On the contrary, to the conservative mind, the last thing you want to do is help fix people’s problems, because the fixes usually involve creating situations where various classes of people have more contact. That’s how conservative thinking goes: If working class people have insurance, they’ll go to the doctor. It might be my doctor and then their very presence will ruin everything!
While this kind of paranoid thinking seems too idiotic to be possible, it’s evident all over conservative media and not just in Will’s prissy rants. It’s really common, for instance, for conservatives to suggest that health care is going to physically resemble a soup kitchen line. It’s not subtle, either—my Google search for “health care lines” turned this up as the first image.
This one guy decided to protest a line of people waiting for a flu shot, if you want a general idea of what emotionally compels the right.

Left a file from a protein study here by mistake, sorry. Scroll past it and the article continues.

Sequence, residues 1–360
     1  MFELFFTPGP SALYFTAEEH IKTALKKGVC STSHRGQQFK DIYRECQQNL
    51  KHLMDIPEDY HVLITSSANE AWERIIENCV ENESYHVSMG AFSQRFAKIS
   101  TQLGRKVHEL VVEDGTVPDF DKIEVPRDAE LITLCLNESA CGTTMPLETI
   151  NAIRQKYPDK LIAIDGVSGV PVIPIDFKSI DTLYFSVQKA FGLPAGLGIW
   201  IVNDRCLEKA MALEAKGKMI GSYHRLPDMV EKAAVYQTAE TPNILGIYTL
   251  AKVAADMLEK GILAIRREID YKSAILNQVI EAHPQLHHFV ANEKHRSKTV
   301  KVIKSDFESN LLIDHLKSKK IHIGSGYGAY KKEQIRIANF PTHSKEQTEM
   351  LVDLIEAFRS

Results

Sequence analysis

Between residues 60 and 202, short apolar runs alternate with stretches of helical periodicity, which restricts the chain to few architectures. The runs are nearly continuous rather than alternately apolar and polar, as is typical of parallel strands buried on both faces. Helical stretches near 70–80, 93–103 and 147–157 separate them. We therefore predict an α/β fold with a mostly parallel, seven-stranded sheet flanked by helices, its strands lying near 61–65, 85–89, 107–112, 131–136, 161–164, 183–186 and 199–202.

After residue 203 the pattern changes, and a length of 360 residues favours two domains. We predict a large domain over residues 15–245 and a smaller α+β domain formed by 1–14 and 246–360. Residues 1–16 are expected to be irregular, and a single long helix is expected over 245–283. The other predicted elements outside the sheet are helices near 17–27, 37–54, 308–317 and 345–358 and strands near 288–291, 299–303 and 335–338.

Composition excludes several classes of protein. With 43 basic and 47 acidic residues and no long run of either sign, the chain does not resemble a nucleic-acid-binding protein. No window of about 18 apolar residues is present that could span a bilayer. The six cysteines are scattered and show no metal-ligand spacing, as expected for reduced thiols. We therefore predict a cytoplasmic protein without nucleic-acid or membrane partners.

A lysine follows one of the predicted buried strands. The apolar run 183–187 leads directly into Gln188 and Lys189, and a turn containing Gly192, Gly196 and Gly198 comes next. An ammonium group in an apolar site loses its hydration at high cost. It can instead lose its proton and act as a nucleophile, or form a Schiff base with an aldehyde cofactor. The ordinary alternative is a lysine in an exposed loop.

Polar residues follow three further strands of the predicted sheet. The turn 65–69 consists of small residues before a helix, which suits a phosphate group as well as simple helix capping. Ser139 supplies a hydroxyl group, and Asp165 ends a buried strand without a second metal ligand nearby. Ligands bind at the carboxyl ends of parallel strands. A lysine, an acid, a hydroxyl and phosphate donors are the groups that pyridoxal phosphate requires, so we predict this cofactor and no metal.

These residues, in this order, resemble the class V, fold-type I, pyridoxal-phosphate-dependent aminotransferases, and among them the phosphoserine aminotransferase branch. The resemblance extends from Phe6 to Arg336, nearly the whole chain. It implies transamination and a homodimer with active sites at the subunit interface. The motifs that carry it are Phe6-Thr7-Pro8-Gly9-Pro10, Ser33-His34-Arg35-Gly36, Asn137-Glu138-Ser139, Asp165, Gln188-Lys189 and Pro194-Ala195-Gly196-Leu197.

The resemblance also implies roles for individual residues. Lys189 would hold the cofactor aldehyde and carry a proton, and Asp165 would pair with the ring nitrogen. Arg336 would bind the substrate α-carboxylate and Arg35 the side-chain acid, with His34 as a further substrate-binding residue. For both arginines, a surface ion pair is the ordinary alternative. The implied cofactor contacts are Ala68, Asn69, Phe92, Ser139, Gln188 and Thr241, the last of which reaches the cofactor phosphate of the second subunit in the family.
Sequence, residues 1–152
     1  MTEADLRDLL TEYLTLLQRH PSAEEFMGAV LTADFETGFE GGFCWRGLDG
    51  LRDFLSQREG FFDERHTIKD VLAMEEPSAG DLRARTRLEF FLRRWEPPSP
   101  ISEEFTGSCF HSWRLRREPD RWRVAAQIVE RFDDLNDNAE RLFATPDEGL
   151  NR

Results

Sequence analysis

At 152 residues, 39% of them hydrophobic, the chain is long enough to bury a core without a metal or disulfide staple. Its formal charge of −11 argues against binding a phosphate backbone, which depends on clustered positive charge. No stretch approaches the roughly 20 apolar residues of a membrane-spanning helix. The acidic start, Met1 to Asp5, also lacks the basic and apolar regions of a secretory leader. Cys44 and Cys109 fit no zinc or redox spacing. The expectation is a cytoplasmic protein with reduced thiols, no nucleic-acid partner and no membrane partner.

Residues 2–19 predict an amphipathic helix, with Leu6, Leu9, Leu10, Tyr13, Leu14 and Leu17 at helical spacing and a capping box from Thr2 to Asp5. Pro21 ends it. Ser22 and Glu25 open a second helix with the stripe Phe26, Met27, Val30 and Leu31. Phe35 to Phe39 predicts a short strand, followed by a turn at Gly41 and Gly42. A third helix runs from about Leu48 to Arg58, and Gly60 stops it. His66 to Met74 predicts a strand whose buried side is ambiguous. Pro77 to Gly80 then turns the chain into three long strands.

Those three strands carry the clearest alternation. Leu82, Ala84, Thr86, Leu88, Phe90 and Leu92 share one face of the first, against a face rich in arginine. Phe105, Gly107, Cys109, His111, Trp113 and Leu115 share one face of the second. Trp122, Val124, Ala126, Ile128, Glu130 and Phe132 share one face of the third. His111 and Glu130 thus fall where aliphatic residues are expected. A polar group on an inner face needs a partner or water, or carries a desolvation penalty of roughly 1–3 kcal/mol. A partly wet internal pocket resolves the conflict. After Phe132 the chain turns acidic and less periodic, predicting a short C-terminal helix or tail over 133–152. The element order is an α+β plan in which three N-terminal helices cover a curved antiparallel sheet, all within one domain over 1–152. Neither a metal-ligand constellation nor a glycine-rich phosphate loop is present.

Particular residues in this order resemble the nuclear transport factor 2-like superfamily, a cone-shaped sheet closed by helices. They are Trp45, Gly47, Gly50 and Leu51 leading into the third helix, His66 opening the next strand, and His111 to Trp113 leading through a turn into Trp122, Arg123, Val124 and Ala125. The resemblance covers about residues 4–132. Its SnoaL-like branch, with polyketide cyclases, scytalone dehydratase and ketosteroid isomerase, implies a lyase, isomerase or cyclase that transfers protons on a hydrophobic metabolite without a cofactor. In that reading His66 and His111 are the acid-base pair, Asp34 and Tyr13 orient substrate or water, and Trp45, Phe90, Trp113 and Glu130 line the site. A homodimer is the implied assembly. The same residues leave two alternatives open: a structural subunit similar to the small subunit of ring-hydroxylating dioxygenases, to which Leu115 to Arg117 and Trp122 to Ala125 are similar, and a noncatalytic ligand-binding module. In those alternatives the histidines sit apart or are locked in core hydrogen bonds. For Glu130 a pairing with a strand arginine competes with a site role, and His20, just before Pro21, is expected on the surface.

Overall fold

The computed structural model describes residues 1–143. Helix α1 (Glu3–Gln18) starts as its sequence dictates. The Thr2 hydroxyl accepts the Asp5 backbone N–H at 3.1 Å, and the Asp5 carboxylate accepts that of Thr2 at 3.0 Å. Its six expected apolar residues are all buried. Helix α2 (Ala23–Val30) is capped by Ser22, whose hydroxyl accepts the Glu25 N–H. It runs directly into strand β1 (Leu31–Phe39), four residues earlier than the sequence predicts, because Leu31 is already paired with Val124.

While this asshole would like you to believe the “problem” is letting everyone access health care, the real problem was that the H1N1 vaccine had just come out, so of course there was a mad rush to get it. In real life, most health care situations do not have everyone at once trying to get care. But this is the narrative that conservatives are humping: If lower income people are allowed in the system, then they’re going to DESTROY EVERYTHING!!!11!!11!!1!1!!! So they’re using every underhanded trick they can in hopes of keeping people out.
Yeah, it’s ugly. I don’t know what else to say. It should make you angry. It’s infuriating.